Min­is­ter am­bushed in restive re­gion, ‘as­sailants killed’

Gulf Times - - AFRICA -

Acon­voy trans­port­ing Cameroo­nian De­fence Min­is­ter Joseph Beti As­somo was am­bushed in the coun­try’s restive an­glo­phone re­gion, leav­ing sev­eral at­tack­ers dead, state ra­dio said yes­ter­day.

Four sol­diers and a re­porter were also in­jured in Thurs­day’s at­tack, other sources said, while the jour­nal­ist said the con­voy was am­bushed again just a short time later. News of the brazen as­sault came as the coun­try’s 85-year-old pres­i­dent Paul Biya — who has or­dered a crack­down in the trou­bled re­gion — de­clared yes­ter­day he would bid for a sev­enth con­sec­u­tive term in of­fice.

Jour­nal­ist Gre­goire Djar­maila, who writes for the state daily the Cameroon Tri­bune and was in­jured by fly­ing glass, said the at­tack oc­curred as Beti As­somo was head­ing for a visit to a mil­i­tary po­si­tion seven kilo­me­tres from the town of Kumba.

The con­voy com­prised about 30 ve­hi­cles, in­clud­ing an ar­mour­plated ve­hi­cle that was car­ry­ing the min­is­ter and six gen­er­als, he said. It en­coun­tered a road­block about half­way along the route, “and our ve­hi­cles were rid­dled by gun­fire, com­ing from houses that been aban­doned be­cause of the war,” Djar­maila said.

The mil­i­tary es­cort re­turned fire, en­abling the con­voy to reach the mil­i­tary post.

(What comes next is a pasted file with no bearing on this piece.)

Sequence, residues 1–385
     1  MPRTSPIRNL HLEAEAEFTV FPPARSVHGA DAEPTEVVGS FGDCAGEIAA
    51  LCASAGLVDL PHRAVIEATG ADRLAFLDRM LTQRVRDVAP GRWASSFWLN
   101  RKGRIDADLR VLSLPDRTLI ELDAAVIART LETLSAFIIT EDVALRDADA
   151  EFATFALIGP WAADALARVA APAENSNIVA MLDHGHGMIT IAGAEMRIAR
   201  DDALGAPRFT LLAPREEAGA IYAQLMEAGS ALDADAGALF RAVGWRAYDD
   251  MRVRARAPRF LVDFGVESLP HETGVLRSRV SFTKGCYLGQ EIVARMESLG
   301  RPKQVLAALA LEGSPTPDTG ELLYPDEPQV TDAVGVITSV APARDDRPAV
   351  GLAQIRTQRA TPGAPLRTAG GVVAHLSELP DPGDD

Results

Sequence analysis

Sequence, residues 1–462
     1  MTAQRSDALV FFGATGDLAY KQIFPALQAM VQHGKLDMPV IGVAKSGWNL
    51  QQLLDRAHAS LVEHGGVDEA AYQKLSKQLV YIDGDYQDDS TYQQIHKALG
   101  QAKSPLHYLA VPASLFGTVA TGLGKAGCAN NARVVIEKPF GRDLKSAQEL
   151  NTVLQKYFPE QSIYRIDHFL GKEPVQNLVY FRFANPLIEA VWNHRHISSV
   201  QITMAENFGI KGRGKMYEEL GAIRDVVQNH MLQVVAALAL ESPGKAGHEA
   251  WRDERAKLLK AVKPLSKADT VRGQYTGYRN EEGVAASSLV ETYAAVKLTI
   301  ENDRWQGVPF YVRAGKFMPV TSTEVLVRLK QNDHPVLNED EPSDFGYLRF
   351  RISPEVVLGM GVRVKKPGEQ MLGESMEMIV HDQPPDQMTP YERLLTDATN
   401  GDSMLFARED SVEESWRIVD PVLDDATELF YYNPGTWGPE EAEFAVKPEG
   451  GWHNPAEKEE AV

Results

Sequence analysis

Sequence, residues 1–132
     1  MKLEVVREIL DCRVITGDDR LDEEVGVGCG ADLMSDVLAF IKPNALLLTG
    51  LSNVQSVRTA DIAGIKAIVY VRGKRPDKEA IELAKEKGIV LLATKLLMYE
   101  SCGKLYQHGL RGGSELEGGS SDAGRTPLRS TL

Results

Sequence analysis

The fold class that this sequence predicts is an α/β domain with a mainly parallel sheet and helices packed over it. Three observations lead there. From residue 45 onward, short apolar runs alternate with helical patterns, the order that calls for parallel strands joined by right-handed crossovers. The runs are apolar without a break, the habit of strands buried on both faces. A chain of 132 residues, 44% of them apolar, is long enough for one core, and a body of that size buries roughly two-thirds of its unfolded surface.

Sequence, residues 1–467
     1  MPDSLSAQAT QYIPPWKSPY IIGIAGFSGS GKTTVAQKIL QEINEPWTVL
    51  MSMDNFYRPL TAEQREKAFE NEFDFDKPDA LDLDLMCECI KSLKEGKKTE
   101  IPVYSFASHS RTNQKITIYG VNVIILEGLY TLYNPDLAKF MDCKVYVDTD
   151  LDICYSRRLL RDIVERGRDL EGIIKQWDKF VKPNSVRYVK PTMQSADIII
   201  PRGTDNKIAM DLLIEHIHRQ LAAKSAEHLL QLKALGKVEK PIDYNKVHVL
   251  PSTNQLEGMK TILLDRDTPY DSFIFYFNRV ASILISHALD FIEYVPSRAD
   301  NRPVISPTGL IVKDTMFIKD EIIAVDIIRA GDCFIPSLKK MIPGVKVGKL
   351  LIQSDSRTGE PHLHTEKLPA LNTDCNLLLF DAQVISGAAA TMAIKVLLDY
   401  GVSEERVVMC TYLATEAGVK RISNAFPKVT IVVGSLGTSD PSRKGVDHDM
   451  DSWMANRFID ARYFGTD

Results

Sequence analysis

“But no sooner had we left the post than we were at­tacked again. This time, they looked more nu­mer­ous and de­ter­mined... (they fired) on all the ve­hi­cles in the con­voy.” Djar­maila said that “our good luck was that they were us­ing home-made hunt­ing guns” rather than mil­i­tary weapons, adding that he ex­pe­ri­enced “40 min­utes of hell.”

The am­bush oc­curred in the heart­land of an armed cam­paign to gain in­de­pen­dence for the North­west and South­west Re­gions, a pre­dom­i­nantly English-speak­ing part of the French-speak­ing West African state. Years of re­sent­ment at per­ceived dis­crim­i­na­tion at the hands of the fran­co­phone ma­jor­ity fu­elled de­mands in 2016 for a re­turn to the coun­try’s fed­eral struc­ture.

Biya took a hard line, rul­ing out any con­ces­sions.

As the sit­u­a­tion po­larised, an­glo­phone mil­i­tants last Oc­to­ber 1 made a sym­bolic dec­la­ra­tion of in­de­pen­dence. They named Buea, the main town of South­west Re­gion which lies close to Kumba, as the cap­i­tal of their pur­ported state, Am­bazo­nia.

It has no in­ter­na­tional recog­ni­tion. A gov­ern­ment crack­down then fol­lowed, plung­ing the two re­gions into al­most daily acts of vi­o­lence and ret­ri­bu­tion that have claimed scores of lives and forced tens of thou­sands from their homes.

The vi­o­lence has co­in­cided with bloody cross-bor­der in­cur­sions in north­ern Cameroon by Nige­ria’s Boko Haram mil­i­tants.

The twin crises have cast a dark shadow over a pres­i­den­tial elec­tion sched­uled for Oc­to­ber 7 — a fact that Biya, who has been head of state for 35 years, ap­peared to ac­knowl­edge in his an­nounce­ment on Twit­ter.

Newspapers in English

Newspapers from Qatar

© PressReader. All rights reserved.